In the March 2006 issue of the Archives, Afshari et al1 describe a mathematical model that they contend is useful in planning a corneal rotational autograft. They also include a demonstrative case report. I disagree with their contention and have questions about the case report itself.
The main goal of a rotational autograft is to maximize spectacle-corrected visual acuity in an eye with the following: (1) a corneal opacity contributing to poor vision, and (2) a zone of clear cornea elsewhere. This can be best achieved by relocating the center of the largest zone of clear cornea to a spot over the center of the entrance pupil. This concept combines the principles set forth by Bourne and Brubaker,2 whose method relocates the largest zone of clear cornea to a spot over the geometric center of the cornea, and Uozato and Guyton,3 who emphasize centration of surgical procedures over the entrance pupil. The location of the entrance pupil is crucial because it defines the bundle of light rays from a distant point source destined for the fovea and because the center of the entrance pupil in a traumatized eye is often more eccentric than that in a normal eye.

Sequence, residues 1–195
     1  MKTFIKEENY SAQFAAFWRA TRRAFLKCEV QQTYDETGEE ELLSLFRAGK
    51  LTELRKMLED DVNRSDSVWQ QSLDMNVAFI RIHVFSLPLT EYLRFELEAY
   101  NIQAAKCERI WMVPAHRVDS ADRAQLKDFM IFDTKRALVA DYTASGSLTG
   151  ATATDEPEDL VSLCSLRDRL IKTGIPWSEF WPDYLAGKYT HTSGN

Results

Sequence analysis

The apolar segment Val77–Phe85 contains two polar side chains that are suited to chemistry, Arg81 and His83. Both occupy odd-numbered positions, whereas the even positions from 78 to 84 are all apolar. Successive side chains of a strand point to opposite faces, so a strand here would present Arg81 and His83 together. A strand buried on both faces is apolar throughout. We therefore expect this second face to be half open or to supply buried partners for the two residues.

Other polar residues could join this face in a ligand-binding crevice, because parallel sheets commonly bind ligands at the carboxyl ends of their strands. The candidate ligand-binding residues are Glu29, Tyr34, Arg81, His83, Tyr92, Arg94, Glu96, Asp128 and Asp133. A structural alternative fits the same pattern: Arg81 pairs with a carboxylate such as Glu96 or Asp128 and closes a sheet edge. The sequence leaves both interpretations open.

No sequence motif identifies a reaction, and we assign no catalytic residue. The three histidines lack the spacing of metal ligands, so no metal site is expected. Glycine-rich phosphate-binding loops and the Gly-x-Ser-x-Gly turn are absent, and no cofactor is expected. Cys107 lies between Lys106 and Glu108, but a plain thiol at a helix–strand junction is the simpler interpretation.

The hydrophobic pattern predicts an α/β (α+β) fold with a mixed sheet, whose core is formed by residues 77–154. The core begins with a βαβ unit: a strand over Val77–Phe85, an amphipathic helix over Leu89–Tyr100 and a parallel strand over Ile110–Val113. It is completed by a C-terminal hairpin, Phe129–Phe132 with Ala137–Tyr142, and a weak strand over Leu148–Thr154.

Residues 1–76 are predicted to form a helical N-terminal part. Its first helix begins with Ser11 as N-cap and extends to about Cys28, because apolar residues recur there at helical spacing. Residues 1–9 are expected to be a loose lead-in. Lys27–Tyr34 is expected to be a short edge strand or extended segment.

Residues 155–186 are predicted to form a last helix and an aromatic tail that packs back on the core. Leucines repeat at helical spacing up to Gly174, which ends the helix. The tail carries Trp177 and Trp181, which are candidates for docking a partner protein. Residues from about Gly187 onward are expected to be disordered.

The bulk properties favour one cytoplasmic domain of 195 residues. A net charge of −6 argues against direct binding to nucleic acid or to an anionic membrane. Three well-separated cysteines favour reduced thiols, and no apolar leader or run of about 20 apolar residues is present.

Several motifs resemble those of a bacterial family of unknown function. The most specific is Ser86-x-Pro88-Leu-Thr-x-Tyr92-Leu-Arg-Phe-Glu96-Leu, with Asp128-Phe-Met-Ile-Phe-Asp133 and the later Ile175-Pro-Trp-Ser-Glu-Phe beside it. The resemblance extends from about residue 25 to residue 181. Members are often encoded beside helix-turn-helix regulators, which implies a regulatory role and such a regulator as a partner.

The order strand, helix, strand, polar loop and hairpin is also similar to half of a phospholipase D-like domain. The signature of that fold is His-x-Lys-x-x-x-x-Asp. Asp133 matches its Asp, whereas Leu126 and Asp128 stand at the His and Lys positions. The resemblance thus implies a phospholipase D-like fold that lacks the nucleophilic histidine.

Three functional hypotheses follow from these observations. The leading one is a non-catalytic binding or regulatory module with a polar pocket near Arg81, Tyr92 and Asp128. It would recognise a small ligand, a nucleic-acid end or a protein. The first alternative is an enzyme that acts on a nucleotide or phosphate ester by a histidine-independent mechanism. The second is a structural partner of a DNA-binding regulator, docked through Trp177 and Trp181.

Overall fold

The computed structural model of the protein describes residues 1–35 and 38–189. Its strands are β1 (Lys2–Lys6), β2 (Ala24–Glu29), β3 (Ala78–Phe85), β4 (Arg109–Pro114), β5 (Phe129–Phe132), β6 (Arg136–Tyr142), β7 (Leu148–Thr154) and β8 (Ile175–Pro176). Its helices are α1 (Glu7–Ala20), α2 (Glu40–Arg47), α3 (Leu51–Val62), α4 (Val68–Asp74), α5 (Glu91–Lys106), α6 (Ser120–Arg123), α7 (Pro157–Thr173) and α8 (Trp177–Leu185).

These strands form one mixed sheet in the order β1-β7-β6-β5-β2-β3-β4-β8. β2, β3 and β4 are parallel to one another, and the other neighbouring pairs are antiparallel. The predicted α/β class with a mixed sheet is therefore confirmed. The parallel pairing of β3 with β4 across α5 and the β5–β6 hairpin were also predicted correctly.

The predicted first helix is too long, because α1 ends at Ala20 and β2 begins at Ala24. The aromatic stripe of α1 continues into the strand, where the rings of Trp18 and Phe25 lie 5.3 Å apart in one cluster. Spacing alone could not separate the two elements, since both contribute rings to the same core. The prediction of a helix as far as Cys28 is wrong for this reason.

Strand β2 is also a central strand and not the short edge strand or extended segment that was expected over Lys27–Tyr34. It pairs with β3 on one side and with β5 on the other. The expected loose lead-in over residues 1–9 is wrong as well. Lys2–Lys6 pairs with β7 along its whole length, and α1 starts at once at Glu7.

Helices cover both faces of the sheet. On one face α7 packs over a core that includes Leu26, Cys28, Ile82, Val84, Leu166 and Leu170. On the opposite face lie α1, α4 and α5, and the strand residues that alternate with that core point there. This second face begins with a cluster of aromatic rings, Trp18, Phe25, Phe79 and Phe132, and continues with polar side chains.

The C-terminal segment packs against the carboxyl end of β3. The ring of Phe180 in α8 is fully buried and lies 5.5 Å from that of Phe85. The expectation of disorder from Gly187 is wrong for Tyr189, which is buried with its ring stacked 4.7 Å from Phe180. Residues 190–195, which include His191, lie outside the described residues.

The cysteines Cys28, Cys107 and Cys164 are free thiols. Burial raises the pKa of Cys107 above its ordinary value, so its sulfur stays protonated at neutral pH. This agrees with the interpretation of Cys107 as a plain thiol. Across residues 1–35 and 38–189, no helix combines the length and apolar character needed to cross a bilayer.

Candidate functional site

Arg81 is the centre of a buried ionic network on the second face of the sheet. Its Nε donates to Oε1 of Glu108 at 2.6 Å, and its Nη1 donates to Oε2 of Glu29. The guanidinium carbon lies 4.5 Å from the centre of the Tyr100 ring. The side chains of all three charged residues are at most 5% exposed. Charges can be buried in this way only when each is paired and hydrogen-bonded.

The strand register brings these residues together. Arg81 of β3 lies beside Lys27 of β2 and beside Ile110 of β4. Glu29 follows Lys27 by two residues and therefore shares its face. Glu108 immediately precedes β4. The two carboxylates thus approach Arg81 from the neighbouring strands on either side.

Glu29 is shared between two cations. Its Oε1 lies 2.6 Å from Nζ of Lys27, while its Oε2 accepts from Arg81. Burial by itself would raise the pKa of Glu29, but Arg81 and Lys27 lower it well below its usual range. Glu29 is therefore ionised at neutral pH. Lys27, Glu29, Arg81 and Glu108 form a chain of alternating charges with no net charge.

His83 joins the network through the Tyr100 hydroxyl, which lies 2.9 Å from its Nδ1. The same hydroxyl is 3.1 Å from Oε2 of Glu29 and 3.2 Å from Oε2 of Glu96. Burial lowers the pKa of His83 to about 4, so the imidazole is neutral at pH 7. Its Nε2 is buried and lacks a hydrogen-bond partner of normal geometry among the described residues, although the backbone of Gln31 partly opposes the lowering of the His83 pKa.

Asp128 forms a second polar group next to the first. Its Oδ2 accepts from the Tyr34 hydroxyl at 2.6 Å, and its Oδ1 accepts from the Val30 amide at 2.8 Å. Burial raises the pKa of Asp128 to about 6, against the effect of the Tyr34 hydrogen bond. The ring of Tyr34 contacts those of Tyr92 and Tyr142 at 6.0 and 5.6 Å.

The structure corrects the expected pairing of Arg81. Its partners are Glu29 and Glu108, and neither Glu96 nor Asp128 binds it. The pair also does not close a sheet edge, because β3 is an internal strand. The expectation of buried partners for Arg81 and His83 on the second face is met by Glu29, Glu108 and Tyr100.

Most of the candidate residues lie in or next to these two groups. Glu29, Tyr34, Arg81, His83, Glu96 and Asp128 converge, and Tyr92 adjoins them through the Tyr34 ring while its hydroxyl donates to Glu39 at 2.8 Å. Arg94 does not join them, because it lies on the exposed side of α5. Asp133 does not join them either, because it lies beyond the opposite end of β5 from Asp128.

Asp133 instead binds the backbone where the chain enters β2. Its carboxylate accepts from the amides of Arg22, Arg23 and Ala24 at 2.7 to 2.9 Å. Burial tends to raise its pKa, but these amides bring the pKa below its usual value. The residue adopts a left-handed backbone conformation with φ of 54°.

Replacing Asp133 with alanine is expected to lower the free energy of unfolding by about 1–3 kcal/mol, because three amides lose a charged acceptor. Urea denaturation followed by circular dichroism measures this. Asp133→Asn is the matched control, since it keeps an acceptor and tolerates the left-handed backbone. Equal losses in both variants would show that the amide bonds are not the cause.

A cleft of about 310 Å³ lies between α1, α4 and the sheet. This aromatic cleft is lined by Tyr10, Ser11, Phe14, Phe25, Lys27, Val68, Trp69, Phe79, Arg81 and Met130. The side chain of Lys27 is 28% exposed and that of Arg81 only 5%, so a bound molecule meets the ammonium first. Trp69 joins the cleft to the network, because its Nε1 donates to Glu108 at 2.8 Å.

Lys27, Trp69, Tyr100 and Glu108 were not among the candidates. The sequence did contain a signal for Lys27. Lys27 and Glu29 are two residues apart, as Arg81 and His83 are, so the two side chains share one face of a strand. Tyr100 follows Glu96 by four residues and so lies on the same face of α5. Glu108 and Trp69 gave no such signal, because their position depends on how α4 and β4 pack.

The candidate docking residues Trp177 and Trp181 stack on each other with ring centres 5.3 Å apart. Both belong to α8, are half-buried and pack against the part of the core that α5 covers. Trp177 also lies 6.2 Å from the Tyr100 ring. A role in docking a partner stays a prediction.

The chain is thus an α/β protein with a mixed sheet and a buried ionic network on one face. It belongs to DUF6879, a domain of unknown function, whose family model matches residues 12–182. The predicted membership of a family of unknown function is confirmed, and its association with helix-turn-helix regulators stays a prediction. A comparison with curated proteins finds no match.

Harris DJ, Jr. Centration of Clear Zone Over the Pupil Is the Best Strategy for Rotational Autografts. Arch Ophthalmol. 2007;125(7):992–993. doi:10.1001/archopht.125.7.992-b
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